China’s Mega-Dams Doused by Heavy Rains in Clean Energy Boost

image is BloomburgMedia_SEN60KT1UM0W00_11-06-2024_06-25-26_638536608000000000.jpg

The Three Gorges Dam area after a heavy rain in Hubei province in May.

Deadly rains in China that have damaged farming and infrastructure are feeding a recovery in the world’s most powerful dams, boosting clean energy generation and sending hydroelectric stocks to record highs.

Hydropower generation rose 8.4% in the first four months from the previous year, and more rain than normal is expected in the Yangtze River basin this summer. China Yangtze Power Co. was among the hydro stocks that ended last week at record highs, and China’s biggest dam company is fast closing in on $100 billion in market value.


The revival follows two years of restrained output stemming from a 2022 drought that caused widespread industrial outages in hydro-reliant provinces like Sichuan and Yunnan. The rebound in China’s biggest source of clean energy is reining in fossil fuel demand and has helped put the world’s biggest polluter on course to peak emissions more than a half-decade before its own deadline.

China has by far the world’s largest hydroelectric fleet at 425 gigawatts of capacity, including the single biggest power plant at the Three Gorges dam on the Yangtze between Chongqing and Wuhan. Even during the drought, China got about 15% of its electricity from hydro in 2022, more than wind and solar combined, according to BloombergNEF data. 

The drought has turned into a deluge this year. Record rainfall in Guangdong province in April led to a highway collapse that killed at least 48 people. Crops from rapeseed to rice and lychees have been damaged by the extreme weather. 

But the prospect of more rains to come is benefiting companies like Yangtze Power, the listed unit of state giant China Three Gorges Corp. Its shares are up more than 20% this year and the firm is overwhelmingly a buy among stock pickers. Citigroup Inc. analysts including Pierre Lau recently raised their earnings forecasts for the company because of the improvement in water resources and ongoing power market reforms that allow it to charge higher prices for electricity.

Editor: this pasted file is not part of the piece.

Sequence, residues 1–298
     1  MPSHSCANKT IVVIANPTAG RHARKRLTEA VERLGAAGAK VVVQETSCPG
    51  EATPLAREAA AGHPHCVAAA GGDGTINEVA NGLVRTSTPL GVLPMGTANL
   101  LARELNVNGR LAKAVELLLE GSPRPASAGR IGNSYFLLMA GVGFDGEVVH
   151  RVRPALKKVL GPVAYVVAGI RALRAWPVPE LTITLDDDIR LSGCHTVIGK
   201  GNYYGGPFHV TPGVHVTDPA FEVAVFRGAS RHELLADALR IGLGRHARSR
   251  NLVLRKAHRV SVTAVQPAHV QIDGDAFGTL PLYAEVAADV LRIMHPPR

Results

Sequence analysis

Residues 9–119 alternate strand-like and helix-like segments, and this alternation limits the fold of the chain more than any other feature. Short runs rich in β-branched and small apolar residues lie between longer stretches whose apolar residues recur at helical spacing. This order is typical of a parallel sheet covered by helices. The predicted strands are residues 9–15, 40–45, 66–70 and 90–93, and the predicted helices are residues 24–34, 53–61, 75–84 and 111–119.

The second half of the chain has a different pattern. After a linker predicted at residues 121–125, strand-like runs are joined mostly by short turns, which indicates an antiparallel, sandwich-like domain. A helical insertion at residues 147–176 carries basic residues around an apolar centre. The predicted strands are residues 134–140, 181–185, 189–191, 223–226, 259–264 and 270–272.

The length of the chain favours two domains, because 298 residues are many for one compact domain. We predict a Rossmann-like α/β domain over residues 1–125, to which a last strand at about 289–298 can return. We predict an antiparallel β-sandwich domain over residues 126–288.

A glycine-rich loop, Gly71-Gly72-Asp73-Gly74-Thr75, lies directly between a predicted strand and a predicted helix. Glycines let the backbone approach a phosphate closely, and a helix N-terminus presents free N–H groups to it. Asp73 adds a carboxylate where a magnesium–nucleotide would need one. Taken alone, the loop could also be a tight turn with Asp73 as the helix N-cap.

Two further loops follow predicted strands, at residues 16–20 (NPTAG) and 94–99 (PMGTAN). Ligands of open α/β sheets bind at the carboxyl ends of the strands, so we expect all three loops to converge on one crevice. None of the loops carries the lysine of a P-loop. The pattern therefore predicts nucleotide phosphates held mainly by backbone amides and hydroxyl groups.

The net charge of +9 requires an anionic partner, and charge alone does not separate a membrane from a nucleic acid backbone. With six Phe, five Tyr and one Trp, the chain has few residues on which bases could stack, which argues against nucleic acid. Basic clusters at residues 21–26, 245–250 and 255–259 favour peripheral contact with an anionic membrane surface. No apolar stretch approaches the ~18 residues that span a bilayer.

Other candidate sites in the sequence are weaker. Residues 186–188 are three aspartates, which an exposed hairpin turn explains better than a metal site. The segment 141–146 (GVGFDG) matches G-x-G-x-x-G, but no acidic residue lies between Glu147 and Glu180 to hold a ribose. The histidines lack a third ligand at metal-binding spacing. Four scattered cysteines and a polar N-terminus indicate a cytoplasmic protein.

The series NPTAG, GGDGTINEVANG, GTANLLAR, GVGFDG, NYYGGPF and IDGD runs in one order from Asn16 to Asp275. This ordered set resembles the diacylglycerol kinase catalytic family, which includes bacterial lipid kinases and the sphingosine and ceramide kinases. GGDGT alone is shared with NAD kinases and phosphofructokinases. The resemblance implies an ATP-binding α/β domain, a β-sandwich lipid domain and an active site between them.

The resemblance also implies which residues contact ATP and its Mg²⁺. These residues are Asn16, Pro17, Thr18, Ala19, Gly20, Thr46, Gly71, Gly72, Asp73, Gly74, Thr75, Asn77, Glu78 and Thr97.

On the Wire

China’s May price data is likely to show another month with only a faint inflation pulse, according to Bloomberg Economics.

Chile’s federation of fruit producers urged authorities in the country to avoid an escalation of trade tensions resulting from recently imposed tariffs on Chinese steel imports.

A slump in the price of natural gas and the prospect of a glut in the years ahead is spurring sales of trucks and ships powered by the fuel, hastening a long-term shift away from oil in the top importer.

This Week’s Diary

(All times Beijing unless noted.)

Tuesday, June 11:

  • China to release May aggregate financing & money supply by June 15
  • SNEC PV conference & exhibition in Shanghai, day 1

Wednesday, June 12:

  • China’s inflation data for May, 09:30
  • CCTD’s weekly online briefing on Chinese coal, 15:00
  • China’s monthly CASDE crop supply-demand report
  • SNEC PV conference & exhibition in Shanghai, day 2

Thursday, June 13:

  • SNEC PV conference & exhibition in Shanghai, day 3

Friday, June 14:

  • China weekly iron ore port stockpiles
  • Shanghai exchange weekly commodities inventory, ~15:30
  • SNEC PV conference & exhibition in Shanghai, day 4

©2024 Bloomberg L.P.

By Bloomberg News


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